Tuesday, January 28, 2014

Buyeo, Korea

A work "retreat" took Bob's leadership team to a city called Buyeo, which is located about two hours south of Seoul on the west coast of Korea.  This was the capital of the ancient Baekje Korean kingdom which was established in 18 BC. and prospered until it fell in 660 during the reign of it's 31st ruler, King Uija and was absorbed into the Goguryeo Kingdom.  The Baekje kingdom was one of three which ruled most of Korea during the first millennium.  The other two kingdoms were the Shilla kingdom, located on the west side of the peninsula, and the Goguryeo Kingdom, the largest of the three, which ruled over the northern half of the peninsula and extended much further into northern territories.  Our visit to the ancient Shilla capital in Gyeongju can be seen here.

We checked into the Lotte Buyeo - a history and culture themed resort - on Friday morning, January 10, 2014 and left the following morning.  This was a quick trip, but I had all afternoon to learn a bit about the area by visiting Baekje Cultural Land which is just across the street and is part of the resort complex.  (I am shown with Yoohnee, Bob's office assistant.)

This large tourist complex replicates the cultural features of Baekje as it was about 1,400 years ago.  It includes a reproduction of Sabigung - the first royal palace of the Three Kingdoms period; Neungsa - the Temple of Baekje; the ancient tomb park; a life and culture village; Wiryeseong, the capital city of Baekjae; and the Baekje Historical Museum.  These are photos from the royal palace, which is really much the same as all the royal palaces we've visited.  I found the queens "everyday" clothing and ornamentation interesting along with their method of keeping "books".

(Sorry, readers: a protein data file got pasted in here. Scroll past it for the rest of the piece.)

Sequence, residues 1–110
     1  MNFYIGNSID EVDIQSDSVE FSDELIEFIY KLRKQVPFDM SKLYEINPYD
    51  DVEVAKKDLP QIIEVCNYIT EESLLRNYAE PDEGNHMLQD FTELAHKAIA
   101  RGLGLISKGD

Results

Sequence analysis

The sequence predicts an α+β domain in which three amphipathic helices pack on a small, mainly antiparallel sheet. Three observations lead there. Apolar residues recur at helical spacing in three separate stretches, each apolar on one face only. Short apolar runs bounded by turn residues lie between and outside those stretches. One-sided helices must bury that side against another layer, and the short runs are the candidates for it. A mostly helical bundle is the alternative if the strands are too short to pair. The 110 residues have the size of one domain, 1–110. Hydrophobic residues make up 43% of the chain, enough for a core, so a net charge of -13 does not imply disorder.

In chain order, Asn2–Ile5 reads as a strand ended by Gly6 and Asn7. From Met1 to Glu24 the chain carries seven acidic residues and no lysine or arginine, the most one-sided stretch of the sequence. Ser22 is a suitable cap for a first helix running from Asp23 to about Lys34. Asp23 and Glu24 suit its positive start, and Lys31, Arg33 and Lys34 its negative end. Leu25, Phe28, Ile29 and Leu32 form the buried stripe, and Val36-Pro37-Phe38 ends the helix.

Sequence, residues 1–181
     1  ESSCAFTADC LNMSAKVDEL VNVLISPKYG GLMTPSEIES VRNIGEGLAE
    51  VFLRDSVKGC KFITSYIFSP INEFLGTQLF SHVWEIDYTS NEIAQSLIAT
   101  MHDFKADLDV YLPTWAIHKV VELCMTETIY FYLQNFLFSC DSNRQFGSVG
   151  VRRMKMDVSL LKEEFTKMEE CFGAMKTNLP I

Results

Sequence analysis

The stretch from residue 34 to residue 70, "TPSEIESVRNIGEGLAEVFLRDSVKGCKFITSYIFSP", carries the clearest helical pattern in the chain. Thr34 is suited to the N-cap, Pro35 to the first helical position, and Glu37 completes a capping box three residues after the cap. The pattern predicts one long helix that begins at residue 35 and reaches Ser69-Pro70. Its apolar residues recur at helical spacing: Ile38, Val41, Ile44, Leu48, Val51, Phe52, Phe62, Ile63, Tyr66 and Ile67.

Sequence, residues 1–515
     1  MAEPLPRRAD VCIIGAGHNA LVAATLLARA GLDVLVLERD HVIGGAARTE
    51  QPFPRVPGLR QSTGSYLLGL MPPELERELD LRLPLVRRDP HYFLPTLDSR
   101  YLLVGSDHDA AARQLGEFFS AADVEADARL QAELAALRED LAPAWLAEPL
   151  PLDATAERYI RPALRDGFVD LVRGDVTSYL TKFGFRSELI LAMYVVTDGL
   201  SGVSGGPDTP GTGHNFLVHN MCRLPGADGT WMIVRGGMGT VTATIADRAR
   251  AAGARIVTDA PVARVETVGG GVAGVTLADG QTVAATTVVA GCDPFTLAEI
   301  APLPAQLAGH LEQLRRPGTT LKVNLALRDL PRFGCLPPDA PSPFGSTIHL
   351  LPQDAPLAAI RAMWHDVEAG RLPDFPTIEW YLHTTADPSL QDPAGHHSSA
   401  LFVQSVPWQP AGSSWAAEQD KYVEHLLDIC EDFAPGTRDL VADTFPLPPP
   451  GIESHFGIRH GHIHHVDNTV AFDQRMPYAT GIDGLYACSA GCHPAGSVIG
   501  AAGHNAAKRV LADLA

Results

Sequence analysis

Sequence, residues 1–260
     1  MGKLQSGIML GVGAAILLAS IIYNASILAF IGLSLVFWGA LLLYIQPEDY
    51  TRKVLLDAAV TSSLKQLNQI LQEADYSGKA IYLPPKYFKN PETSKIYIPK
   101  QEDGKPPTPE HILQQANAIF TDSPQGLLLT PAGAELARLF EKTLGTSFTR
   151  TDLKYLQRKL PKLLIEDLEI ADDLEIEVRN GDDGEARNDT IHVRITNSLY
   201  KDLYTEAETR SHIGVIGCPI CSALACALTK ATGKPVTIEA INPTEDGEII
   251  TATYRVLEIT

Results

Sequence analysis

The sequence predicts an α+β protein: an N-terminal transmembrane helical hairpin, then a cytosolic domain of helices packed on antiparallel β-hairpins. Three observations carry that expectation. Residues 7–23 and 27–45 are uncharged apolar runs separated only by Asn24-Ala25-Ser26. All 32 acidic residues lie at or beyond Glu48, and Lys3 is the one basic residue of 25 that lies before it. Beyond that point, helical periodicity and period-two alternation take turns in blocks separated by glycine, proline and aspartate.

The Buddhist temple complex, Neungsa, features a 5-story pagoda, a worship and a lecture hall.  

A replica of the current grave site of the chamber tombs of Baekje royal families is located behind the temple complex.  A total of seven tombs have been excavated and from their original grounds to be placed together in Buyeo.  Four of the original tombs were excavated from the site of this Baekje Cultural Land.

The Life and Culture Village replicates the homes and trades of the Baekje people.  In one of the homes there is a holographic "movie" which tells the historically-based tragic love story of a Korean couple that were separated and maimed by the wicked King who desired to have her as one of his wives.

Armor made of leather, metal, and bark

 The representation of the capital city, Wiryeseong, includes a simple palace, elevated houses, dug out huts, "typical" homes, a small palace and a prison.


The museum featured some interesting artifacts such as a frightful multi-bladed sword, and lots of really nice life-sized dioramas exhibiting typical scenes from the lives of the Baekje people.  But my favorite thing in the museum was a very cute and touching 3D-movie based on the historical story of the Baekje women who threw themselves off a cliff overhanging the Baengmagang River on the day of Baekje's fall.  Their sacrifice was inspired by loyalty and fidelity, and has been highly regarded for generations.

Leaving the Baekje Cultural Land, I walked to the nearby "Outlet" Mall and enjoyed a cup of hot chocolate to keep me warm on this snowy day while doing a little "window" shopping.  I especially like the "western" thoughts that decorate the Lotteria - a Korean Burger Chain.  That evening we enjoyed a multi-course Korean meal with Bob's work group back at the hotel.


I enjoyed learning a little more about Korean history and culture.  One fact that I gleaned from my visit to the museum, was that Buddhism was practiced in Korea at a very early age and was carried forth to Japan from here.  It makes perfect sense, since the religion originated in India, but I had never really considered that Korea practiced it before the Japanese.  This is the way I like to continue my education - isn't travel great?!


  1. Thanks for the wide array of photos from the area! Such an interesting part of Korean history... I found your blog while googling information on new world heritage sites, and I hope you don't mind that I linked to you from my post about them: http://globecalledhome.net/2015/08/24-new-unesco-world-heritage-sites/

    1. Thanks for your interest in my post, Jenni. I loved reading about some new world heritage sites, and am glad to have added some information about South Korea. Many years ago, my husband and I visited some of the same cities.you recently toured in France. Your photos brought back some good memories!